Targeting behavioural factors that contribute to antibiotic resistance
A global and local health threat
Antibiotic resistance has been identified by the World Health Organisation as one of the greatest threats to human health today and requires action from government, health sectors and the community.
Australia is contributing to the problem of antibiotic resistance with one of the highest rates of antibiotic prescribing in the world:
approximately 19 million prescriptions written each year1
ranks number 8 among 29 countries evaluated2
46% of people were dispensed at least 1 course of antibiotics in 20143
Consumer and GP insights
Audience research conducted by NPS MedicineWise identified multiple gaps in knowledge, beliefs and behaviours that are driving inappropriate prescribing and use of antibiotics in Australia.
Parental expectation for antibiotics is an ongoing challenge faced in general practice. Most parents believe that antibiotics are beneficial for childhood respiratory tract infections (RTIs) such colds, coughs, earaches and sore throats. Many parents also equate the duration of common childhood RTIs with the need for antibiotics.4,5 A survey conducted by NPS MedicineWise found that 40% of Australian general practitioners (GPs) would prescribe antibiotics to meet patient expectations.6
Antibiotics are generally not recommended for common RTIs.7–10 Yet analyses of MedicineInsight data showed over 50% of patients with RTIs were unnecessarily prescribed antibiotics in 201511, highlighting the need to manage patient expectation for antibiotics and reinforce guidelines for prescribing in general practice.
NPS MedicineWise national campaign to reduce unnecessary antibiotic prescribing
In 2012, NPS MedicineWise made a commitment to deliver a 5-year public health campaign that achieves the following strategic imperatives:
address the knowledge, beliefs and behavioural factors driving consumer expectation and demand for antibiotics
support GPs in managing consumer expectations for antibiotics through the provision of patient consultation tools that reinforce guidelines-based management of common RTIs
reduce inappropriate prescribing and use of antibiotics for common RTIs and in turn the development of antibiotic resistance.
Phase 1 plan (2013–2016)
Raise general awareness and improve knowledge about antibiotic resistance, resistant bacteria, limitations of antibiotics on cold and flu viruses and appropriate use:
knowledge that bacteria is becoming resistant
awareness that antibiotic resistance is happening now
knowledge that antibiotic resistance can be passed between people
that antibiotics will not speed up recovery from cold and flu
how misuse of antibiotics can lead to antibiotic resistance.
Phase 2 plan (2017)
Provide patient support and education to address key concepts in appropriate RTI symptom management and expectation for antibiotics:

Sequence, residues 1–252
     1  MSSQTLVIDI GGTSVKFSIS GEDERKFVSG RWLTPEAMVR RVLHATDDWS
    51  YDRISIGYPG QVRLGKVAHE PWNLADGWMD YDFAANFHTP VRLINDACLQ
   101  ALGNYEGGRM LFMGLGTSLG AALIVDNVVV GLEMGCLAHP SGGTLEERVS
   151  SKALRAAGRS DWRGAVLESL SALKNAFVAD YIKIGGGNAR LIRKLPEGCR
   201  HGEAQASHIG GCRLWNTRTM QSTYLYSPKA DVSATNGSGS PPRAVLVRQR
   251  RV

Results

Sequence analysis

Duration of RTI symptoms
Speed of recovery from RTIs
RTI symptom management without antibiotics
Expectation for antibiotics
Over 5 years the public health campaign was implemented with various behaviour change interventions and key messages across multiple channels:
Patient-mediated educational resources in general practices, pharmacies and communities
General practice resource kits including patient consultation tools
Consumer mass media campaigns including TV, news and public relations
Social media campaigns including educational videos and quizzes
Clinical guidelines and patient education via NPS MedicineWise website
Consumer awareness of antibiotic resistance:
the proportion of consumers who believe antibiotic resistance affects them now increased from 11% in 2015 to 25% in 2017¹².
Changes in GP prescribing and decision making:
16% increase in proportion of GPs who did not prescribe antibiotics to meet patient expectations (p<0.001)12
14% increase in proportion of GPs who discussed the issue of antibiotic resistance with their patients (p<0.001)12
Reduction in prescribing:*
14% total reduction in total dispensed antibiotics prescriptions13†
1.3 million average annual reduction in dispensed antibiotics prescriptions12†
Savings for the Australian health system:
$48.8 million in total Pharmaceutical Benefits Scheme (PBS) cost savings12‡
$12.2 million in annual PBS cost savings12‡
Reducing antibiotic resistance is complex, multifaceted and requires ongoing communication strategies and interventions to address multiple behavioural factors from both the consumer and health professional perspectives.
Weston C et al. Antibiotic use for respiratory tract infections: Formative Research Phase 1. Sydney: National Prescribing Service, February 2011.